Behind the rapid mission of the 355th Wing at Davis-Monthan Air Force Base, Ariz., mainly revolving around lethal attack and rescue aircraft, a three-man shop works non-stop on aircraft parts that do not cross most minds.
By the end of day, those Airmen leave work with grease stained shirts, pants and hands knowing they positively impacted the base mission.
The 355th Equipment Maintenance Squadron Wheel and Tire shop inspects, disassembles and reassembles HC-130J Combat King II, EC-130H Compass Call, A-10 Thunderbolt II and HH-60G Pave Hawk wheels and tires.
“We fulfill the needs of the different maintenance unit here,” said U.S. Air Force Staff Sgt. Kyle Williams, 355th EMS Wheel and Tire shop noncommissioned officer in charge. “Without a good set of tires on aircraft they won’t be able to do their missions.”
Airman work on approximately 800 inspections and assemblies yearly in support of more than 100 Davis-Monthan aircraft and their flying operations.
“Every aircraft in the Air Force requires wheels,” said Airman 1st Class Blake Stacy, 355th EMS Wheel and Tire shop technician. “We make sure that we provide our pilots wheels that are secure and safe for aircraft to take off and land with.”
Apart from prioritizing in safety and mission readiness, the shop is always looking for new innovative ways to save time and resources.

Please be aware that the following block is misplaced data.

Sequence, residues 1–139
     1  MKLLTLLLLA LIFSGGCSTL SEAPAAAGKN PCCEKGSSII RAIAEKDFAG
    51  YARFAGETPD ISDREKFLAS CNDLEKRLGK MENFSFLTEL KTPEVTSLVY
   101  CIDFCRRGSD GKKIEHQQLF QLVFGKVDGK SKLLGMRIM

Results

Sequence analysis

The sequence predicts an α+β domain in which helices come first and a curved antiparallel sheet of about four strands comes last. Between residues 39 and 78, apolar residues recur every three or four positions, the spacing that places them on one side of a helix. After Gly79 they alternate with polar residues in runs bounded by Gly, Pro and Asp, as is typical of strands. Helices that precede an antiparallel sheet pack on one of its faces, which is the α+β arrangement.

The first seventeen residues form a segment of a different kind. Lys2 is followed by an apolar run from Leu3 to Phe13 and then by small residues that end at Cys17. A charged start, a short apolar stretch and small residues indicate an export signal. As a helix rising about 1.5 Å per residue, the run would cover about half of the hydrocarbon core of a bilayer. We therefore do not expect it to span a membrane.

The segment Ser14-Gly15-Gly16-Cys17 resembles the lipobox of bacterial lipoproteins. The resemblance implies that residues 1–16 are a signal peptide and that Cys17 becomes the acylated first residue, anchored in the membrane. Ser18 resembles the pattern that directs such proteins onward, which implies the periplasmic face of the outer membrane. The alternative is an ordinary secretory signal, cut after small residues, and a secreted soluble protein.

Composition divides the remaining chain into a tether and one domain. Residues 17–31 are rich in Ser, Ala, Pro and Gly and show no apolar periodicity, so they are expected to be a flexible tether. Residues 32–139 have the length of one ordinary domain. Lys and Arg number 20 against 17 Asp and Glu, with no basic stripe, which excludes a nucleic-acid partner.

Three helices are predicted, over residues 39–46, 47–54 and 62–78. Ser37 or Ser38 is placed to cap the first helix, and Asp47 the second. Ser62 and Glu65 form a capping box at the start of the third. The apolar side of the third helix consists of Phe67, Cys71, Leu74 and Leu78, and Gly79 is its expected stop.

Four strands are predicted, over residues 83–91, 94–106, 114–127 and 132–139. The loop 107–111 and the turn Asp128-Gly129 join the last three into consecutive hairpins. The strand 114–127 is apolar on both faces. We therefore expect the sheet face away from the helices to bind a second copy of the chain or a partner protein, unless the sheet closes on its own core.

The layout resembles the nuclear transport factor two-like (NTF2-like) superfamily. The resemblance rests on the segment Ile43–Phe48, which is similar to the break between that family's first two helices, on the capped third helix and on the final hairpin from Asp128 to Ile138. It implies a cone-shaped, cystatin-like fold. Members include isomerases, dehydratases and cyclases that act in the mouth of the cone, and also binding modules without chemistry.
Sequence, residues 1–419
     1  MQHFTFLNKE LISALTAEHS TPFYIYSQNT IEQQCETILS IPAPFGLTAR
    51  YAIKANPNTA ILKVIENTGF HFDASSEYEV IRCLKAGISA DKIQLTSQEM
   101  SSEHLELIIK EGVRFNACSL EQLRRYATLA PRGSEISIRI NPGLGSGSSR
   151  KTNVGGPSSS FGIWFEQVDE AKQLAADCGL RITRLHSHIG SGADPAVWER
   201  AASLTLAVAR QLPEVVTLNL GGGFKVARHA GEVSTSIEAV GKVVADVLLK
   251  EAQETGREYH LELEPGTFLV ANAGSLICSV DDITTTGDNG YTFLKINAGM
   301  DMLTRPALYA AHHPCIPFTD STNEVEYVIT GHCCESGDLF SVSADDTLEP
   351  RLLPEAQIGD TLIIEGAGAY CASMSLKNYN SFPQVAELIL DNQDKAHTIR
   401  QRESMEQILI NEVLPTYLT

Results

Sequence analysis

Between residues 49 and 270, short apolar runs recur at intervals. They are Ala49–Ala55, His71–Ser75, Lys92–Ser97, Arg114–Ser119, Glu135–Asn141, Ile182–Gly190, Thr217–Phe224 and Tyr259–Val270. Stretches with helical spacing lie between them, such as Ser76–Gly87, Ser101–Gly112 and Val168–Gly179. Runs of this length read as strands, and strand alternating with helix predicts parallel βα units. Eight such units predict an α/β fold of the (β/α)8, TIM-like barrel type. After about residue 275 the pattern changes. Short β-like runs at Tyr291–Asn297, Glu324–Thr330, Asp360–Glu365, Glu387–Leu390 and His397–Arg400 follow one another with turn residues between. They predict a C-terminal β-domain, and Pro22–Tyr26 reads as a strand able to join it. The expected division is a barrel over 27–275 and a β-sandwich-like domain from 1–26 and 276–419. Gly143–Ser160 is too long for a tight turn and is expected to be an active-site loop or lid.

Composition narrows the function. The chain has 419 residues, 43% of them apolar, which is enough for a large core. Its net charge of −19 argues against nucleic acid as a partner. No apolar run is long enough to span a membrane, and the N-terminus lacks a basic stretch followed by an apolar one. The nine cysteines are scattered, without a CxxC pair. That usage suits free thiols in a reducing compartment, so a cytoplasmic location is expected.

Recently, the section chief of the wheels and tire shop, Master Sgt. Justin Bauer, designed a prototype tool for all C-130 wheels.
“This new process gives us a bit more work but also more experience on disassembling that type of wheel,” said Stacy. “It also shows younger Airmen that if there is an idea to help the mission, we should speak up and share them.”
The new tool allows the team to overhaul the process inhouse instead of delivering the 4-and-a-half-foot wheel to Hill, Air Force Base, Utah. This helped cut down on customer wait time and saved Davis-Monthan and the Air Force more than $624,000 annually.
Even when working out of sight, Airmen can have monumental impacts on mission-readiness and resources, and keep the wheels of the wing’s mission spinning.
“We’re still a part of the main backbone of maintenance,” said Williams. “Just because one might not know we exist, we still put in our share of hard work and dedication to make things happen whether it’s noticed or not.”